A huge cyberattack hit dozens of countries over the past week. British National Health Services were hit particularly hard, leaving healthcare workers without patient data, which forced hospitals to cancel procedures. The attack used “ransomware” to get into computers, encrypt data, and then forced people to pay up in untraceable currency before giving the files back. Basically, imagine someone breaking into your office, putting a lock on your file cabinet, and refusing to give you the key until you leave money next to the stump in that seedy park you never see any kids at during the day. The attack is still ongoing, but if you’ve updated your Windows system past XP (which NHS hadn’t,) you’re probably fine.
Doctor: Unfortunately, you’ve been diagnosed with [insert scary disease here]. Call this number to schedule your procedure. See you in a month.
Patient: Huh? (shuffles out, looking bewildered)
New research is telling us that the above doctor-patient interaction is not what’s best for patients. Wuuuuuuut? No way. We’ll wait while you pick your jaws up from the floor… Data show that the more involved patients are in their health care decisions, the better. Presenting clear options, simplifying information, and making EMR data available to patients are ways physicians can involve patients in treatment decisions. Sounds to InsightCity like that leaves the ball mostly in the doctors’ court. Here’s hoping a little doctor-patient teamwork will leave patients feeling less like this.
Health data security:
Source: Ponemon Institute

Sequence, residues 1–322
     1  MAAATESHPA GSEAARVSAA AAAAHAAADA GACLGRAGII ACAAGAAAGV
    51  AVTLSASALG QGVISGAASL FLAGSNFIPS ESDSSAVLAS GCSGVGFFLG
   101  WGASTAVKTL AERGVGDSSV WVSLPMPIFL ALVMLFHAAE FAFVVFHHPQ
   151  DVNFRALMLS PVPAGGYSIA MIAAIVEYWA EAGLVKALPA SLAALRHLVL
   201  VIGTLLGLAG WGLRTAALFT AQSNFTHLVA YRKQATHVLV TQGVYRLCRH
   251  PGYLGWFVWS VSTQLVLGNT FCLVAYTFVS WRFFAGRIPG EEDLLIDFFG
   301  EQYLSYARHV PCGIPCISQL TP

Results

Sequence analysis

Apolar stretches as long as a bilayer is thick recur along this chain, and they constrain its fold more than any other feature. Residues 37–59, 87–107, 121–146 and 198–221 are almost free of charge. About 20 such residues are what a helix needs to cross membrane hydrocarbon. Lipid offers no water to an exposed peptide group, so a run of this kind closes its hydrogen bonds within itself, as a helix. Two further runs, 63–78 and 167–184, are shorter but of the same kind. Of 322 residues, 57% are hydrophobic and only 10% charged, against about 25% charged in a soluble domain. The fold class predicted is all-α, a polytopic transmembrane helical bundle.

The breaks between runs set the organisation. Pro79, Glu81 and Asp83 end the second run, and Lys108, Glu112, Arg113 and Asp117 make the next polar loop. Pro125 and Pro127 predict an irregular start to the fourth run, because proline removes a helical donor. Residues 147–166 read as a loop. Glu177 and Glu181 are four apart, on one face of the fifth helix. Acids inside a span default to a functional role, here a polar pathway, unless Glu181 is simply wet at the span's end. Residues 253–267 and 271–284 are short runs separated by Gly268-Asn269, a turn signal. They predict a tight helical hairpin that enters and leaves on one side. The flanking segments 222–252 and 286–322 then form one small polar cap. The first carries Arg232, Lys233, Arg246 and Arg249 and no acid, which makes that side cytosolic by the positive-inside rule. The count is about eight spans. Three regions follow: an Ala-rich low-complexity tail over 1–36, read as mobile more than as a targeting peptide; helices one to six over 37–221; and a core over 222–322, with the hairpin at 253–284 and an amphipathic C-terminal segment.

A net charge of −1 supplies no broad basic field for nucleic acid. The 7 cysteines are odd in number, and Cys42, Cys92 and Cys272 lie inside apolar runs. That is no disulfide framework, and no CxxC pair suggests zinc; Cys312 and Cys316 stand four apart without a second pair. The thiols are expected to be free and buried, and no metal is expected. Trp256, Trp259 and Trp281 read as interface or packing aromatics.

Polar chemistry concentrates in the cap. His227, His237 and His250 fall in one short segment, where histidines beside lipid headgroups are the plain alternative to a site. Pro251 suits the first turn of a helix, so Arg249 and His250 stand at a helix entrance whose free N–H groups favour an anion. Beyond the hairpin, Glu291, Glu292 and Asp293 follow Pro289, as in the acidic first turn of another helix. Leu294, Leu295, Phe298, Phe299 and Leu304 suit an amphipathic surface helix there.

Anyone who would routinely choose against two-to-one odds would have to be considered crazy, right? Well, at least a third of Americans regularly take their chances when it comes to diagnosing symptoms. In a recent study reported in JAMA that compared diagnosis accuracy, it was discovered that physicians correctly diagnosed a patient 72% of the time, whereas computer apps did so 34% of the time. One major factor in the difference was the ability for doctors to reference patients’ medical histories. So, what could computers do if armed with more electronic health records? Well, IBM’s supercomputer “Watson” solved a months-old, doctor-stumping leukemia mystery in 10 minutes. Look for more calls from private app developers to tie into EMR data. That shouldn’t make us nervous, right?
That’s not really the question. The Electronic Medical Record (EMR) train has left the station. The next question is, how accurate and complete are EMRs? Well, there are two different answers to that question. A recent study published in the Journal of the American Medical Informatics Association looked at physician notes from Beaumont Hospital in Royal Oak, Michigan, as they transitioned from a paper-based record system to an EMR system. The net-net: inaccurate documentation was significantly higher in the EMR by a rate of more than 5 to 1 (24.4% error rate with the EMR, 4.4% with paper), but omissions were far more likely with paper notes compared with EMR notes (41.2% vs. 17.6%). Have fun conducting your next RWE project and at your next doctor visit.
The FDA has put its two cents in regarding the use of electronic health records in clinical trials with the release of its draft guidance last week. This guidance contains recommendations of interoperability and best practices for use of these systems, including informed consent, data security safeguards, and well-documented, trackable audit trails. Something to consider is to use an EHR that is certified under the ONC Health IT Certification Program—when the FDA says this certification is “encouraged” and it will provide “confidence during inspections,” you don’t take this lightly. Sure these are just recommendations/suggestions for an EHR’s use in clinical investigations, but they come from the folks who hold the power to make or break a company and a product.